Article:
Extremist Violence Erupts In Pakistan

Pakistani army officials examine a building near the site of a suicide bombing in Rawalpindi, Pakistan on Saturday, Nov. 24, 2007. Suicide bombers hit a bus carrying intelligence agency employees and also targeted a checkpoint near the headquarters of the Pakistan army on Saturday, killing some 35 people, several officials said.
AP Photo/Anjum Naveed
Suicide bombers hit a bus carrying intelligence agency employees and also targeted a checkpoint near the headquarters of the Pakistan army on Saturday, killing up to 35 people, several officials said.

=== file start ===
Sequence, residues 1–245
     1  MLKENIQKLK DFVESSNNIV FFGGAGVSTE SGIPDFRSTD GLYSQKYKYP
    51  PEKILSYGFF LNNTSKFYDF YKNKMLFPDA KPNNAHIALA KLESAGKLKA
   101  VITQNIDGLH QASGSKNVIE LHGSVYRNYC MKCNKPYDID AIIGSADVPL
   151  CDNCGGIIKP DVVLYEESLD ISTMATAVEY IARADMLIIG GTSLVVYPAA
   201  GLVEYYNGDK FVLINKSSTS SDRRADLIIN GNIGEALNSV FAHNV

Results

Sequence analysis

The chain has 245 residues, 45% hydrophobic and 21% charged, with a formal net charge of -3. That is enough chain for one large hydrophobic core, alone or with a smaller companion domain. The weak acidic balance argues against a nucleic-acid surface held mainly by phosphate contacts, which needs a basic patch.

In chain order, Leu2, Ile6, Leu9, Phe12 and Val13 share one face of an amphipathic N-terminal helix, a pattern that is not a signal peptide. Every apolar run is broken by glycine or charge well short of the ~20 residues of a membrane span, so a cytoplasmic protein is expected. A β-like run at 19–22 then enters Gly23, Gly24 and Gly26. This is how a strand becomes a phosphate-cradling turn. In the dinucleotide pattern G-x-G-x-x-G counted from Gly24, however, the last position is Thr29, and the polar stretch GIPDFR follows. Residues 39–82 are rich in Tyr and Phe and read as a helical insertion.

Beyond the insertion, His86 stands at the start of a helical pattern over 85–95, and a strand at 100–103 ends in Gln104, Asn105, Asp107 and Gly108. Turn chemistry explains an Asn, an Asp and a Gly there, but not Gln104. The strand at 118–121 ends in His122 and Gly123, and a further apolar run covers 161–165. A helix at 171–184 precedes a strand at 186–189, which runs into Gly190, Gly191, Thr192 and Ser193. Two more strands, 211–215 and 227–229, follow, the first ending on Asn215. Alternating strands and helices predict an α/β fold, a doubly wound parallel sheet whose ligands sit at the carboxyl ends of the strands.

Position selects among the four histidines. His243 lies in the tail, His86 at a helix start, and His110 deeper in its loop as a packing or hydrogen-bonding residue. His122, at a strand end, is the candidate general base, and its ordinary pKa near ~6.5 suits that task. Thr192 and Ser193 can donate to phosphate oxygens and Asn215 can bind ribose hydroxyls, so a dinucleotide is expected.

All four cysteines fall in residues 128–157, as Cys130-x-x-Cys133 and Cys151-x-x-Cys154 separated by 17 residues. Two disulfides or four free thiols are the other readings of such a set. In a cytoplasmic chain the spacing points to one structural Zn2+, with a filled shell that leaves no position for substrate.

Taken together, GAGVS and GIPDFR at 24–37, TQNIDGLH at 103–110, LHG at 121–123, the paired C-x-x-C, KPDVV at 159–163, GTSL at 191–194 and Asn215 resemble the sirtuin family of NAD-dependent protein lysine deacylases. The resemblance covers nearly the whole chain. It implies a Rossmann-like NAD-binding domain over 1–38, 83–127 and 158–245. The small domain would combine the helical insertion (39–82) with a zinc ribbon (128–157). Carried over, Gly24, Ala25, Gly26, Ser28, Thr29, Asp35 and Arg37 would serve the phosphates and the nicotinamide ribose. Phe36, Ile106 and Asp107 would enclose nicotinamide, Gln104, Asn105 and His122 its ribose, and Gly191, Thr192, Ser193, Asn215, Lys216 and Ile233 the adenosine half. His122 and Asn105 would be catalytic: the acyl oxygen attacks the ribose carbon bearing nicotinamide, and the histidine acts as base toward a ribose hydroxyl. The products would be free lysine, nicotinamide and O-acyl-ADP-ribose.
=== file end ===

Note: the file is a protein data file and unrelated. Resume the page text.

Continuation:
The two attackers struck in Rawalpindi, a garrison city just south of the capital, Islamabad. Two senior intelligence officials - one of them at the scene - said at least 35 people were killed. They asked for anonymity because of the sensitivity of their work.

The army said it could only confirm 15 killed in the attack on the bus, in addition to the suicide bomber. It said two security forces personnel were critically injured in the second attack, and the suicide bomber died.

"We suspect that pro-Taliban militants who are fighting security forces in our tribal areas are behind this attack," the intelligence official said, adding the injured and dead were being transported to hospitals.

In the first attack, an explosive laden Suzuki van rammed a bus carrying employees from the Inter-Services Intelligence agency. The other bomber hit an army checkpoint in another part of the city about 6 miles away, said Mohammed Afzal, a local police official. He provided no further details.